The report highlights a number of issues, among others:
Member States are finding and reporting more risks related to allergens in food resulting in better protection of people suffering from allergies which can sometimes be life-threatening.
There was a significant decrease in notifications on aflatoxins in all food categories, except in feed materials and pet food where an increase was observed.
The number of RASFF notifications on genetically modified food and feed increased substantially in 2009. A large number of notifications concerned the unauthorised linseed FP967, first detected in Europe in 2009, in a substantial number of shiploads imported into the EU from Canada.
The notifications through RASFF regarding pesticide residues in plant products from third countries provided valuable data to decide on reinforced import controls according Regulation (EC) No 669/2009.
More findings were reported on forbidden nitrofurans in shrimps from Bangladesh and India. Nitrofurans are antibiotics used for treatment of shrimps but are forbidden in the EU because of their carcinogenicity.
There was a rise in notifications for unauthorised substances in food supplements. Products sold as food supplements, often through the internet, contained medicinal substances that should not be taken without prescription.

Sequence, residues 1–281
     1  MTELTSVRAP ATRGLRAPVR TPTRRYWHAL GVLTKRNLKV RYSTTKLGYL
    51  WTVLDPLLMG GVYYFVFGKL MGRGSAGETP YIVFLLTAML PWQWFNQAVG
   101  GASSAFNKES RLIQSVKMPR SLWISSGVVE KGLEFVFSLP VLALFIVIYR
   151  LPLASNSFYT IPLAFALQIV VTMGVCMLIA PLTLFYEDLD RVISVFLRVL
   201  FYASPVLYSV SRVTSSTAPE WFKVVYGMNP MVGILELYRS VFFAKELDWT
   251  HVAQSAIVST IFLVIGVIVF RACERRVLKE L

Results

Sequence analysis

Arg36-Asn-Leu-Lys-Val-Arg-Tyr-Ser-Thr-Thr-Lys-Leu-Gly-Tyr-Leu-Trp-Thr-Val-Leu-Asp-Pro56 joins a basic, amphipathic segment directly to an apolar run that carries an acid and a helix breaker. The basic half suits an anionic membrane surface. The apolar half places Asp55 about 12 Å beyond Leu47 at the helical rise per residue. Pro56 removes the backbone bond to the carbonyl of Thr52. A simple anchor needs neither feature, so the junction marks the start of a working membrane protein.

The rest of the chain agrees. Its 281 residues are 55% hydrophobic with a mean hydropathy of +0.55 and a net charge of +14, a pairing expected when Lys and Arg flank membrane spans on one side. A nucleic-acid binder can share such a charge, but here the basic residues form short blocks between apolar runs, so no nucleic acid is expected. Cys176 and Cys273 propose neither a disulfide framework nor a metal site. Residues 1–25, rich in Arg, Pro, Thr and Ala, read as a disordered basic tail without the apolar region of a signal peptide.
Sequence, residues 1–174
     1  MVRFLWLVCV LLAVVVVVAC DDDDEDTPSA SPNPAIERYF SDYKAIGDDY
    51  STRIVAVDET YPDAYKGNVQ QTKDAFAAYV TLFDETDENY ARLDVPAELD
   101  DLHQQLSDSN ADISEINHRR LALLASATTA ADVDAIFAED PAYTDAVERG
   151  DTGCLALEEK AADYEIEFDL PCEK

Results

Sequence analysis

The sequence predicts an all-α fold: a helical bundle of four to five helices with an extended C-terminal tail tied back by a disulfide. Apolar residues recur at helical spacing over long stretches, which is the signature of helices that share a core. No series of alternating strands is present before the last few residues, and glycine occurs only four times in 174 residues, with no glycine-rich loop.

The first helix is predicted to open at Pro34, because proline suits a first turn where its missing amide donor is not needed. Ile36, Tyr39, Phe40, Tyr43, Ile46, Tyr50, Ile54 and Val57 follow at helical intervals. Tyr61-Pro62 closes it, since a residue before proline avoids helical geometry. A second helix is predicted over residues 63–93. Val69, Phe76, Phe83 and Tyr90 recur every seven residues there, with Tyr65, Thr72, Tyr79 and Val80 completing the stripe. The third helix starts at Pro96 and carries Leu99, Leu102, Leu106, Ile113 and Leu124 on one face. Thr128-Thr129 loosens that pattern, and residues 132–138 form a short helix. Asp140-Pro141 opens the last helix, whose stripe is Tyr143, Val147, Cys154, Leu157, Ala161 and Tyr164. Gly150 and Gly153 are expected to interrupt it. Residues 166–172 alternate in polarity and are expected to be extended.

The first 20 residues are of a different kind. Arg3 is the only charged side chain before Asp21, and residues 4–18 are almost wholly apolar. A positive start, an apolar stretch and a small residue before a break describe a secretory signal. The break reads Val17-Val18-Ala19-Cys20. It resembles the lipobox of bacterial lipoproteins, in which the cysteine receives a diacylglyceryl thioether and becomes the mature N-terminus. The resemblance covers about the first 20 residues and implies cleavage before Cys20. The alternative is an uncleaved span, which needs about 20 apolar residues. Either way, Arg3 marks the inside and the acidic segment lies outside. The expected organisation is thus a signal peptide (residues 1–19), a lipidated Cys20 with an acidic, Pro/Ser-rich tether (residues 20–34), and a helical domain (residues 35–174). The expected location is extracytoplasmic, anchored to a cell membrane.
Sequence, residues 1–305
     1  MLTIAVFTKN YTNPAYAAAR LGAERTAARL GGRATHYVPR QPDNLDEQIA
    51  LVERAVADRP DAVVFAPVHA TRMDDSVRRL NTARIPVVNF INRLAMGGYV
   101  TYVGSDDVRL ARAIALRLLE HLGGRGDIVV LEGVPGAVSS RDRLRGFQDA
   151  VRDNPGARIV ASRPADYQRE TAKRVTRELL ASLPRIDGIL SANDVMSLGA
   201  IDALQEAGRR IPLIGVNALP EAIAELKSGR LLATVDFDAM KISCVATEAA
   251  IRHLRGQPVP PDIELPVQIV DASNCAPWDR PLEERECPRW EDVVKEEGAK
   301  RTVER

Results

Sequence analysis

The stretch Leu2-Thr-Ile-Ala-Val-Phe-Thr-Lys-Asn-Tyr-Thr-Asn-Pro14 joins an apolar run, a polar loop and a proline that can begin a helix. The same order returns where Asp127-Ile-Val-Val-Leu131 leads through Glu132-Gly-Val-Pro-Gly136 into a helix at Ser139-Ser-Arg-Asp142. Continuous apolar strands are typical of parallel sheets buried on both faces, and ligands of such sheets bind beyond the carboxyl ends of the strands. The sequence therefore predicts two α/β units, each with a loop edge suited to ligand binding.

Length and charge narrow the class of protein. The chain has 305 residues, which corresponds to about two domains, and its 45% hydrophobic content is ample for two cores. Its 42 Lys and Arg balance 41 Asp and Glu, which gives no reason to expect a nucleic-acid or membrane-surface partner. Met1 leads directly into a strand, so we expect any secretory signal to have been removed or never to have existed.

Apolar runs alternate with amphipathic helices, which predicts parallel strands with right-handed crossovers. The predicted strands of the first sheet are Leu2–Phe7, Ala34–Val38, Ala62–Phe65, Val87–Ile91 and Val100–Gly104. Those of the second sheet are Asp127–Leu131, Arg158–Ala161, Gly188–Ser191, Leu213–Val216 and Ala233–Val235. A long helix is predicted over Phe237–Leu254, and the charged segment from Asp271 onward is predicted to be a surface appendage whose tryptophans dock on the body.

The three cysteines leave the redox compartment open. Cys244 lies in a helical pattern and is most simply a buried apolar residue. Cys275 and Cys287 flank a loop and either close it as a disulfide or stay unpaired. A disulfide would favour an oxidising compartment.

There were 54 notifications where a food poisoning was the basis for an investigation leading to a RASFF notification. Norovirus outbreaks and histamine poisoning were the most reported but most widespread were undoubtedly the Salmonellosis outbreaks. An outbreak of hepatitis A required international cooperation. Outbreaks of hepatitis A were reported in France and the Netherlands after an initial communication of Australia through INFOSAN, the food safety authorities’ network of the World Health Organisation.
Does the increase in overall notifications signify that our food is less safe?
No. The most significant increase happened for so-called follow-up notifications. This means that RASFF is used more intensively to follow up on reported problems. As a consequence, these problems will be solved more rapidly and measures will be put in place to prevent them from happening again.
OJ L 60, 1.3.2002, p. 70–80